You can't please everybody, that's impossible. Especially if you are adapting material, it's truly impossible.
What other gigs have you been offered, ones that you've had to turn down or defer? Will we see you directing "Mad Men" or something?
Why not? I have an idea TV that I would like to write and do. TV, guest-directing, is something I have been offered and I would love to do it but I am terrible multi-tasker. I get offered a lot of comedies. I would much rather guest-direct a drama and sort of play in somebody else's sandbox. That would be great. My chances of directing "Mad Men" are running out, though, as it is finishing next season.
What historical era fascinates you?
Hmmm. That has to do with my horror film so I don't want to talk about it. I tell you what I do get fascinated by: The history of buildings, London is an amazing place for that. I start to wonder: I look up and see the architecture most people on the ground never see. History, the story in ever sense of the word.
On your website, you've posted clips of your younger self talking about your award-winning films and videos. But I wondered about something in your bio: did you or didn't you attend film school?
No, art college. University of Bournemouth, in their brochure, rather naughtily makes it look like I went there. When I applied to the film school, they said no. So applied to the art school foundation course, got in, went, then applied to the film school again and got turned down again. So I am a film school reject. Twice!
Shortly after leaving art college, then, you made your first feature: not "Shaun of the Dead," but "A Fistful of Fingers," the Western. You've said you're not happy with it. What would you do differently?
It turns up online and I made them take it down. It's a very silly movie. I would eventually like to put it out on DVD. I was 20 years old when I made it. Though I appear to be 12. It was just naiveté. If I'd stopped to think about it wouldn't have happened at all. Thing that annoyed me, it felt like it was a step backward from things, short films, I'd made on video before I couldn't communicate what I wanted: I didn't have a video assist monitor. When you're making a movie you've got to be able to communicate what I want. It feels a little impersonal to me because I didn't communicate what I wanted to see on the screen. "Dead Right," which is on the "Hot Fuzz" DVD, is also extremely silly, and made around the same time, is much more like what I wanted to make. I learned that you need more coverage to pace the movie. Unless you want to go the direction of the French New Wave and use jump cuts. You see it a lot with independent movies, which use jump cuts. They have nothing else to cut to, to cut away to. It was a real lesson learned. I didn't have the coverage. If I had my way, that first feature would be closer to 60 minutes. But the producer said, if it gets under 70 minutes it stops being a feature. But it's done, nothing I can do now. I'm not going to go back and George Lucas it and redo entire scenes and add things. It's done.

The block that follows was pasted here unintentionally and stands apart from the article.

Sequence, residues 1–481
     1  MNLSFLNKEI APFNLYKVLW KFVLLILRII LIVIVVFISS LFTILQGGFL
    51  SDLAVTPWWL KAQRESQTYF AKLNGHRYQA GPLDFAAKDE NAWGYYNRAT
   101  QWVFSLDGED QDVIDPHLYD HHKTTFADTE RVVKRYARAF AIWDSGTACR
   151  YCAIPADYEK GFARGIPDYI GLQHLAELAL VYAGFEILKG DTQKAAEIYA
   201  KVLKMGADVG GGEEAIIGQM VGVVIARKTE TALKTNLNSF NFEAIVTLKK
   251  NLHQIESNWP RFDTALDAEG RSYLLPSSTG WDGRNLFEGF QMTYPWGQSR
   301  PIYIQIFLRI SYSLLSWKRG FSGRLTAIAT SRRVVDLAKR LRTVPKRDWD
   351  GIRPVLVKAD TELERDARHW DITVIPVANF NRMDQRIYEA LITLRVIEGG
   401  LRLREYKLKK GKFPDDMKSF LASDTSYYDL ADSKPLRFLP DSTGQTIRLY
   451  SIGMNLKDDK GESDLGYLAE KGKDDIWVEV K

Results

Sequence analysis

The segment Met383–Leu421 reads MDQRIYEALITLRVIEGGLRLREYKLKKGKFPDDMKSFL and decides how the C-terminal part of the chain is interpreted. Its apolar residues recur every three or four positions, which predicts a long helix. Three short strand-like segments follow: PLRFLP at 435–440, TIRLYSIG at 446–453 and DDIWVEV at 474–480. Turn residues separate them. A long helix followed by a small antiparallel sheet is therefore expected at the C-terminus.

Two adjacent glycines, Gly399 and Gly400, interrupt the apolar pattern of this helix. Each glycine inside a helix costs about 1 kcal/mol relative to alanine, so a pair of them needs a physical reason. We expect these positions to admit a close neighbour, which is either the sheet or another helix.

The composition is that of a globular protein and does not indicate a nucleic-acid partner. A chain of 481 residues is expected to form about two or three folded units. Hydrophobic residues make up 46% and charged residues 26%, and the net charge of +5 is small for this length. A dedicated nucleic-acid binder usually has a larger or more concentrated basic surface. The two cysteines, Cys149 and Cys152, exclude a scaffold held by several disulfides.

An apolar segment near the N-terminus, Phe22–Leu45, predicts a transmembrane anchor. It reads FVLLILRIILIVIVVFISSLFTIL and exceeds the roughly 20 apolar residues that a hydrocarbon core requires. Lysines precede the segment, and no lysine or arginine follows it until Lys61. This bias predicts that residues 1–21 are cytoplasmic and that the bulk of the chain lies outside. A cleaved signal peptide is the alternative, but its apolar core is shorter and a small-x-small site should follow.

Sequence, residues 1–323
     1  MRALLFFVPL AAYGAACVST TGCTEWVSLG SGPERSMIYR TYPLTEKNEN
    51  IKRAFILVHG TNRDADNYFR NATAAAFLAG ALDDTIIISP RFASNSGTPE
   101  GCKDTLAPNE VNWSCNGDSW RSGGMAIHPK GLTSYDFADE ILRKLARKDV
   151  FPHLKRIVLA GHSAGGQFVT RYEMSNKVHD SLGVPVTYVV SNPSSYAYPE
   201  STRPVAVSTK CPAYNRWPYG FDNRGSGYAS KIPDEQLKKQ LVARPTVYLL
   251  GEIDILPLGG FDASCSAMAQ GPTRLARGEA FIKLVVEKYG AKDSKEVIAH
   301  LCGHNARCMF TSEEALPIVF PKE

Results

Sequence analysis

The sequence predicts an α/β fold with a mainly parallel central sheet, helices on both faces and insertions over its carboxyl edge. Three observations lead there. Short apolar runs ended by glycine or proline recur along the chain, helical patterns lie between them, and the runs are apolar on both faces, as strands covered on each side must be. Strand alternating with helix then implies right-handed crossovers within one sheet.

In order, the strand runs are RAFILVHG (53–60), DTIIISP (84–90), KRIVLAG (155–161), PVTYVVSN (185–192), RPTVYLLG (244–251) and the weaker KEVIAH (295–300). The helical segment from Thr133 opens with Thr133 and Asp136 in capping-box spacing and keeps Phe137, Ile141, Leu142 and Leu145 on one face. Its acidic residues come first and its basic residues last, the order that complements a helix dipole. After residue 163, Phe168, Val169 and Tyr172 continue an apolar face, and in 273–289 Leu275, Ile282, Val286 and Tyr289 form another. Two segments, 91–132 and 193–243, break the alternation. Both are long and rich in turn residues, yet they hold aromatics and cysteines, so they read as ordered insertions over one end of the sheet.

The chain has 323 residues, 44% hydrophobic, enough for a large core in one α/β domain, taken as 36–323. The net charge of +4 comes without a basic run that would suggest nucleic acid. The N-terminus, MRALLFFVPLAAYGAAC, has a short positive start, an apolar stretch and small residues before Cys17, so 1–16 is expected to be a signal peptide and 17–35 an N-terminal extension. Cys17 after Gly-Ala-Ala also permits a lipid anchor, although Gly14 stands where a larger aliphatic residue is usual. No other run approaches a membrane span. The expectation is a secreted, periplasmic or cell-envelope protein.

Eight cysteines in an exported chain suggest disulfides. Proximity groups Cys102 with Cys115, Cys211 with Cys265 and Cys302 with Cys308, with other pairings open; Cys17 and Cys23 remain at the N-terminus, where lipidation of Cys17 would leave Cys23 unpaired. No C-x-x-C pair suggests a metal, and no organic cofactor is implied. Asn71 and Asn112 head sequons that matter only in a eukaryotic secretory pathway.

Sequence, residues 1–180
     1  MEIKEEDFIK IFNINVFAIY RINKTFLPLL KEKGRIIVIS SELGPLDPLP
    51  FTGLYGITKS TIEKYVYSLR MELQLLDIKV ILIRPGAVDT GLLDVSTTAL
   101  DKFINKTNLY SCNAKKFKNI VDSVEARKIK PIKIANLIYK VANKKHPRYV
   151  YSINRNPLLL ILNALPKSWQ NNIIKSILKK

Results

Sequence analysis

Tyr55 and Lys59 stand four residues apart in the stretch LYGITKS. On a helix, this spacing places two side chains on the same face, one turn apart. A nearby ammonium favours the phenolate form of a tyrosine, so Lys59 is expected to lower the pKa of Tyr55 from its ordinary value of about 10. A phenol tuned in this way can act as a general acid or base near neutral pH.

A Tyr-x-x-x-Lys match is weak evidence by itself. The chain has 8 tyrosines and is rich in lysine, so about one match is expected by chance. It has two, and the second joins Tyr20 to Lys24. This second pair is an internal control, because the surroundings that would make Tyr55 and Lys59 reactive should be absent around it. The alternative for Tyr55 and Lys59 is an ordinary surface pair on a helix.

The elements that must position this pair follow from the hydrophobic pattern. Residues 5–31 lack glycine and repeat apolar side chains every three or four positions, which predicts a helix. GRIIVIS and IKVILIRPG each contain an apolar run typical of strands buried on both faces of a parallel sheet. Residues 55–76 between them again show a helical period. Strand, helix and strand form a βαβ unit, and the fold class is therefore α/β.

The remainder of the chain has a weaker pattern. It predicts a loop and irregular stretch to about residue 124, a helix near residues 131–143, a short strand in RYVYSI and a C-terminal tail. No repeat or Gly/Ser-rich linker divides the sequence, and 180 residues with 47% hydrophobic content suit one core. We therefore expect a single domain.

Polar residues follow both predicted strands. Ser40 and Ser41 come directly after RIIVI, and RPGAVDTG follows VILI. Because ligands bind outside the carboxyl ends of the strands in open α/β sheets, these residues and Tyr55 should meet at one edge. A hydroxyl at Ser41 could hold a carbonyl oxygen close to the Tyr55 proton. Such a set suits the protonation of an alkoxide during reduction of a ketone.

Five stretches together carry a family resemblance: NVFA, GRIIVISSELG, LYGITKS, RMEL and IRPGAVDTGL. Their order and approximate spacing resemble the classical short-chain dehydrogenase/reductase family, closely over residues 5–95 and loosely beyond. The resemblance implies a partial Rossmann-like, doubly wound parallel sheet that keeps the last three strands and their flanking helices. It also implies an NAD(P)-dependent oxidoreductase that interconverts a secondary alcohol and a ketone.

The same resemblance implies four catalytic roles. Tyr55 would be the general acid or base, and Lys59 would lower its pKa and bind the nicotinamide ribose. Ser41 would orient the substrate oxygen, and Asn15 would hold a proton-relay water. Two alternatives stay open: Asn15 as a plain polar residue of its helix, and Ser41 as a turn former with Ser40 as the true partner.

You've been committed to British film. Where's the next one: London, Los Angeles.
I don't know where I live now. I live that strange nomadic life that directors live, going wherever the next tax break is. I'm not complaining, but I don't get to choose. If I am making a British film, I live in London. But if you are making a Hollywood film, I could be anywhere in the world. Even LA! It's all about tax breaks. At some point I have to settle somewhere. After this, I'll take a month off to regroup. And switch off the internet.
Scout Tafoya's video essay series on maligned masterpieces continues with a celebration of Shane Black's The Predator.
A look back through Christian Bale's filmography, highlighting five roles that define his career.
This message came to me from a reader named Peter Svensland. He and a fr...